Your account will be serviced by anyone in the business qualified and capable to do whatever needs to be done, but you will always have a single “point person” who is a senior member of staff who will develop a close working relationship with you and your team who is ultimately responsibility for the quality of work delivered.
We pay apprentices a living wage, aligned with recommendations from the Living Wage Foundation. Most organisations pay apprentices far less than this.
Our business is run by our employees, and as such there is transparency around pay. In particular, pay levels are set by employees and everyone knows how much anyone else within the business gets paid. This ensures that “baked in” to our business model everyone gets paid fairly, and we don’t have any concerns about one group of people being paid more than another group to do the same work.
Less than you’d think. If you have vulnerable people working of you, you have to factor in that they will probably need to spend more time off work – for example, accessing support services during office hours – and that they would likely need time off work on very short notice. We account for that in how we are set-up, plus everyone in the business understands the needs of the vulnerable people that we do hope and are supportive.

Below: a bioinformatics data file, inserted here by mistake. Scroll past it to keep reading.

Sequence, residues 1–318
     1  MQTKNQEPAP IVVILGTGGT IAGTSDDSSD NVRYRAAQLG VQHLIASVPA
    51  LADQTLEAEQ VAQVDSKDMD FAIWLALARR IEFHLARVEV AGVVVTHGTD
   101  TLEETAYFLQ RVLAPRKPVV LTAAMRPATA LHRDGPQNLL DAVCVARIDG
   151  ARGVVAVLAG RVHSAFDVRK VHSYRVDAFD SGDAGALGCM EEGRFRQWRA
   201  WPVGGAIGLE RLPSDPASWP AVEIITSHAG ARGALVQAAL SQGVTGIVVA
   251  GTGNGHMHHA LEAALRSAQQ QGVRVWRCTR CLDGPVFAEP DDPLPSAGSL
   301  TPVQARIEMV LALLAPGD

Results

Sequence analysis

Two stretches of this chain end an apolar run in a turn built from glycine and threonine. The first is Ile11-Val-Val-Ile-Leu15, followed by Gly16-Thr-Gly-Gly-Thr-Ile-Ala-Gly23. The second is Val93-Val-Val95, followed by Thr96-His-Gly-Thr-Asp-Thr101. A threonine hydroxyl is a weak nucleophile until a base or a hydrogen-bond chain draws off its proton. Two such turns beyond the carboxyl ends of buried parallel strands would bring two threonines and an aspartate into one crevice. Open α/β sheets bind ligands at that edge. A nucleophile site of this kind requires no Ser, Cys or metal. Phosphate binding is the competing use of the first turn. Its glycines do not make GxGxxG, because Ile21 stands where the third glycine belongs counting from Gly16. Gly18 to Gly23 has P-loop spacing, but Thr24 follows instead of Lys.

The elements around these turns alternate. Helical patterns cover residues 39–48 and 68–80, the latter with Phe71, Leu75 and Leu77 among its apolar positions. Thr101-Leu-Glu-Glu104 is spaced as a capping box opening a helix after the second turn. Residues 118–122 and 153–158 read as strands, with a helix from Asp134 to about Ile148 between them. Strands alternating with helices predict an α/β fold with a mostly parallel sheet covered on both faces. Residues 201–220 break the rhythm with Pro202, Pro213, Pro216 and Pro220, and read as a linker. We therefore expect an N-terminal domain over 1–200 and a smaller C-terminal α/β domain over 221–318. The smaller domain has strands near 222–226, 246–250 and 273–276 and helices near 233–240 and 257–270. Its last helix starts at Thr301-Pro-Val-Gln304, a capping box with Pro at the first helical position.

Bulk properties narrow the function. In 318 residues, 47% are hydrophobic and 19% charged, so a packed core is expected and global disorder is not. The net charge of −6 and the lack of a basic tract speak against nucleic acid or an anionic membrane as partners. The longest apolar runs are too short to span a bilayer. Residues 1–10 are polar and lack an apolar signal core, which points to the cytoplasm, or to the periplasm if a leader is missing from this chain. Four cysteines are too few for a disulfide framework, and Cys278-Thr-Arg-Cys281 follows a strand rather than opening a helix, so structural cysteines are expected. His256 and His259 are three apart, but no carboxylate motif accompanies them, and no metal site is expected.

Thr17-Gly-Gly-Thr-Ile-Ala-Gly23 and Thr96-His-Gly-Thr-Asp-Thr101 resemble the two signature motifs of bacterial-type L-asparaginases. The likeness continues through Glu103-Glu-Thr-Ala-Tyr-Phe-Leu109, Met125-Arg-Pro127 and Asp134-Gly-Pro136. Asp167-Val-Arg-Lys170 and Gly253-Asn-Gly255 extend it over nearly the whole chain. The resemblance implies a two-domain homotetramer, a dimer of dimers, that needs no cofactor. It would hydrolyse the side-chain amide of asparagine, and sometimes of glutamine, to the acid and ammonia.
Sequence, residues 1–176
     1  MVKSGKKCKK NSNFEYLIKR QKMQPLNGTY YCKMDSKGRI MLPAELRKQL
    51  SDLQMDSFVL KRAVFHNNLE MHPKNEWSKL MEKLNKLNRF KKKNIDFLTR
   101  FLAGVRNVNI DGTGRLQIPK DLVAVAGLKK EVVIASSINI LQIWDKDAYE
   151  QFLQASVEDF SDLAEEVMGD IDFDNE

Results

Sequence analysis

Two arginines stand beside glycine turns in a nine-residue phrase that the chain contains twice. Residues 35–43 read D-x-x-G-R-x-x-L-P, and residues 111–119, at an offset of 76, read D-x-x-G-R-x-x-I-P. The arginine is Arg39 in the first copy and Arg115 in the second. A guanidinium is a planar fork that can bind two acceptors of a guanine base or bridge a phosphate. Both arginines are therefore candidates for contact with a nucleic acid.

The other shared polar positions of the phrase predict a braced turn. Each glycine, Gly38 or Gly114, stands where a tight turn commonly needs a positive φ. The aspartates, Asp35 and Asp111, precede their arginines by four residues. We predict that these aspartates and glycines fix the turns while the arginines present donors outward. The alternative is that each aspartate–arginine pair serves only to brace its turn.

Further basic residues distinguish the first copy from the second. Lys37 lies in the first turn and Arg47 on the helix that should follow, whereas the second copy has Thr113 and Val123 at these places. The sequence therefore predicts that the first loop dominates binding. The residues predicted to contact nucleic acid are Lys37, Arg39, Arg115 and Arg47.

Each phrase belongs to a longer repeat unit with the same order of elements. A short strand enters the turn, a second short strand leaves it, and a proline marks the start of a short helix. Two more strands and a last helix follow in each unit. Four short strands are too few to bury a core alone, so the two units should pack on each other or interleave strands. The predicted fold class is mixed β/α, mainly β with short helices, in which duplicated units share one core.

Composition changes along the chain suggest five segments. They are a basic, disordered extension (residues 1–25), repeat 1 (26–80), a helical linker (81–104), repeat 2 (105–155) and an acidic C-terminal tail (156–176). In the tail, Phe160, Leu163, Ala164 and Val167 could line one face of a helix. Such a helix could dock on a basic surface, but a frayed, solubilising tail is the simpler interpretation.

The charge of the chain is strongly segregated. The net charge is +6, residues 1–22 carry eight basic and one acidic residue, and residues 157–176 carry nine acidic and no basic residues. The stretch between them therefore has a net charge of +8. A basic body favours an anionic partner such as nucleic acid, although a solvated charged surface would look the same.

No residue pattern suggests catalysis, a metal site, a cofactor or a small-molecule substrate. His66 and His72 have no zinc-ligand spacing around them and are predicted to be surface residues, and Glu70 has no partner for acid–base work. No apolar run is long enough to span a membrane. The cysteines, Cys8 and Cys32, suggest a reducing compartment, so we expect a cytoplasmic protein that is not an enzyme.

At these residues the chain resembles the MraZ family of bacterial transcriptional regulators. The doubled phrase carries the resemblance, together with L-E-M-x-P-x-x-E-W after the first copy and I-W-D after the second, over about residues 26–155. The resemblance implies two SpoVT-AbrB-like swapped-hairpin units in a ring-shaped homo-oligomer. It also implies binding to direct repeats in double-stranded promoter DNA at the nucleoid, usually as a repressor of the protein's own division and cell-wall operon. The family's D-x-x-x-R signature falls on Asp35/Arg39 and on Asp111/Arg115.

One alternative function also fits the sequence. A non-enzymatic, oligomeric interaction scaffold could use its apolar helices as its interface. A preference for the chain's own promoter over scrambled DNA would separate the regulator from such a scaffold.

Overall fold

The objective is to create a safe space for someone who is vulnerable to come in, heal, learn a trade, build their confidence and self-esteem, and make a contribution.
Most businesses consider shareholders their main stakeholder, whereas social enterprises have more flexibility. Our stakeholders are our staff, our customers, our suppliers, and the environment – which means that we consider the positive and negative effects on all of those whenever we take any action.
For example, when we make proposals to customers, we include a section about environmental impacts of different options that we might propose. For example, The Good Shopping Guide says that Acer has a better ethical business score than Dell, scoring 96/100 compared to 72/100, and we would indicate this ethical difference in our proposal.
It means that we treat you in an ethical and fair way. We don’t hedge or obfuscate, and we particularly do not have “favourite” customers that get better treatment than others. Everyone gets the same high standard of customer service.
It makes it harder to get finance. We don’t have equity, so we can’t sell equity positions to investors. Our financing is limited to grants and debt financing, although in the social enterprise space there is a great deal of innovation in this space.
However, it is essential to us – like it is to any social mission – that we have longevity. We exist to help people, which means that we have to be around for the long term. A big advantage is that having no shareholders means no exit, and no pressure to exit – no one is looking to cash in on our growth.
As an employee-run business, everyone in the business gets a say to where our money goes. We only grant money to aligned social missions, based in the UK, but anyone can nominate a social enterprise company or charity to support. Votes are collected and then the profits distributed in proportion to that vote.
The person behind "It's What's Next IT" is Matthew Reynolds. You can learn more about him here.